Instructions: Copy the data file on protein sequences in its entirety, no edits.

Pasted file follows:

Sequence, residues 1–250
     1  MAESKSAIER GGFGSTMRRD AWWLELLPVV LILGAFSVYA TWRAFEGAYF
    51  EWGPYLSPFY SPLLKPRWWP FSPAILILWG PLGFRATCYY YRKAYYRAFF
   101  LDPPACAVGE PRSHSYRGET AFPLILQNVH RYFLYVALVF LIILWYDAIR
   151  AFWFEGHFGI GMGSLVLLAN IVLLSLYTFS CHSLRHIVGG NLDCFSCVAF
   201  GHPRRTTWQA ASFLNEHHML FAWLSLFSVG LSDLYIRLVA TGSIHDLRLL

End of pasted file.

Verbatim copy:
Sequence, residues 1–250
     1  MAESKSAIER GGFGSTMRRD AWWLELLPVV LILGAFSVYA TWRAFEGAYF
    51  EWGPYLSPFY SPLLKPRWWP FSPAILILWG PLGFRATCYY YRKAYYRAFF
   101  LDPPACAVGE PRSHSYRGET AFPLILQNVH RYFLYVALVF LIILWYDAIR
   151  AFWFEGHFGI GMGSLVLLAN IVLLSLYTFS CHSLRHIVGG NLDCFSCVAF
   201  GHPRRTTWQA ASFLNEHHML FAWLSLFSVG LSDLYIRLVA TGSIHDLRLL